Auditory Learner – Learning Styles #2


Auditory Learner – Learning Styles Blog #2

In my first blog in this Series, we reviewed tips to work with a Visual Learner. This blog (#2 in the series of 6) will focus on the Auditory Learner.

Do you have a student who loves to hear how pieces create different sounds when they are played different ways? Do you have a student who says “Listen to how I changed this piece” and then plays their piece using different rhythms and pitches?

Do you have a student who would rather listen to you explain a concept then read it themselves? Then you might just be teaching an Auditory Learner (or a student whose main learning style is Auditory).

An Auditory Learner usually likes being read to. They often memorize by repeating things aloud. They love music and often hum or sing to themselves. The Auditory Learner likes being around other people and enjoys in sharing conversations.

Using Pentascales to Inspire the Auditory Learner


Tip #1 - An Auditory Learner loves to hear the change in sound when playing a Major piece in a minor Pentascale, or when playing a minor piece in a Major Pentascale.

There are two types of Pentascales:
#1 - Major Pentascale: whole tone – whole tone – semitone – whole tone
(OR whole step – whole step – half step – whole step)

#2 - minor Pentascale: whole tone – semitone – whole tone – whole tone
(OR whole step – half step – whole step – whole step).

Whole tones are also called whole steps and sometimes simply a tone. Semitones are also called half steps. It’s important to know both. (I know, po-TAY-toe/po-TAH-toe! They are the same thing.)

Tip #2 - An Auditory Learner benefits from hearing how pieces sound when played in different Pentascales. They are usually really good at hearing the difference between the Major and minor patterns.

  • Transpose a Major Pentascale piece into different Major Pentascales, and a minor Pentascale piece into different minor Pentascales. Discuss what difference the student HEARS. (The difference will be the pitch – the piece will be either higher or lower.)
  • Replay a Major Pentascale piece in the Tonic minor Pentascale position or a minor Pentascale piece in the Tonic Major Pentascale position. Discuss what difference the student HEARS. (The difference will be the tonality.) Discuss what note the student HEARS that sound different. (The difference will be the third, the Mediant.) How does changing the Major or minor tonality affect the piece? (Is it happier? Sadder? Spookier? Funnier?)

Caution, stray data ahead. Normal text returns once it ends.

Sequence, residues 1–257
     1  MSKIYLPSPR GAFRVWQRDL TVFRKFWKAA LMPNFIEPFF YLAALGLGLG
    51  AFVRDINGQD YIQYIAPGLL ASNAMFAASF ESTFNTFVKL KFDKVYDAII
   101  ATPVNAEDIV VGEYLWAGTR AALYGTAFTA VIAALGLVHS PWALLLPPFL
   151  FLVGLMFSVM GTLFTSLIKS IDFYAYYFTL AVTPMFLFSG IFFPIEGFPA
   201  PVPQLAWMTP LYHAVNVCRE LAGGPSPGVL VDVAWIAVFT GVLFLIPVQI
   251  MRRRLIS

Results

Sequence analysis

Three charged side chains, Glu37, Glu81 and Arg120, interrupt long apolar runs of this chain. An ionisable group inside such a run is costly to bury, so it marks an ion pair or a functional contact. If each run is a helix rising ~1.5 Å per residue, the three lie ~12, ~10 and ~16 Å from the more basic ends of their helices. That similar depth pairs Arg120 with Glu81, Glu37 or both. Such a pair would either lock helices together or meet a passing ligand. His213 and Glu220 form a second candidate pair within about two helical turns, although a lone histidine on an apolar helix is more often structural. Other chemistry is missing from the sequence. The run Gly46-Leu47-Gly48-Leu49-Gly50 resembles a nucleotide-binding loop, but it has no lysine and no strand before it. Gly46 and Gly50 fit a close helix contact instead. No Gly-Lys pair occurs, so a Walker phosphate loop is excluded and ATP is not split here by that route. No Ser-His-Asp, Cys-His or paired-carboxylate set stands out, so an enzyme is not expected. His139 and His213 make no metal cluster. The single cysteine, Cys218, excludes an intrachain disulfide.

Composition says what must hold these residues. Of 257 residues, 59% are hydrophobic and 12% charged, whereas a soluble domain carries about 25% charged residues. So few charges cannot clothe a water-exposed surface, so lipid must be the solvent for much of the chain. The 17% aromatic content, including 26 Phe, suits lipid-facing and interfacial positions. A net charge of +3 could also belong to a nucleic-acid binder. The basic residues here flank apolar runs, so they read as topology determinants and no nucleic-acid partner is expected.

This piece is called "Off to School" from page 112 in the  Prep 1 Rudiments Workbook.

Auditory Learner - staff

Play “Off to School” in C Major Pentascale and then repeat it in c minor Pentascale (play all the E’s flat). Did the pieces sound the same or different? Which piece sounded like you are happy to be going off to school and which piece sounded like you were sad to be going off to school?

Auditory Learner and Transposition using Pentascales


Alexander is an Auditory Learner. He finds it fascinating to hear the difference in the sound when he transposes his pieces into different Pentascales and into different Tonalities.

When transposing was thrown at me in Grade 8 piano, it caused me to panic and have an anxiety attack! I didn’t “get” it. Thanks to learning about Pentascales in Prep 1 Rudiments, Alexander is already an accomplished “transposer” and he isn’t even in Level 1 piano yet!

Since learning about Pentascales in Theory, Alexander enjoys playing his piano pieces not only in different Pentascales but in different Major and minor Pentascale tonalities. This is also developing his Ear Training by helping him with pitch patterning and recognition.

Pentascales are the building blocks of the Circle of Fifths. By starting a beginner student in the Prep 1 Rudiments Workbook, you are creating a foundation for music.

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Here is a tip that I find very helpful. When teaching piano, method books often refer to "positions" (like C Position). I cross out the word Position and write Pentascale!

If you teach using the Royal Conservatory of Music Syllabus, be sure to add the New Supplemental Series to your Ultimate Music Theory Workbooks.

A student in the UMT Prep 1 Workbook will also be working in the Prep Level Supplemental Workbook. They will then complete the Level 1 Supplemental Workbook before moving on to the UMT Prep 2 Workbook.

Your Auditory Learner is going to LOVE exploring the different Music History Time Periods and the Instruments of the Orchestra! And we make it so simple for you!


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Discover and explore how to teach to all your students!

Keep on Learning... With a Smile and a Song!

Shelagh McKibbon-U'Ren


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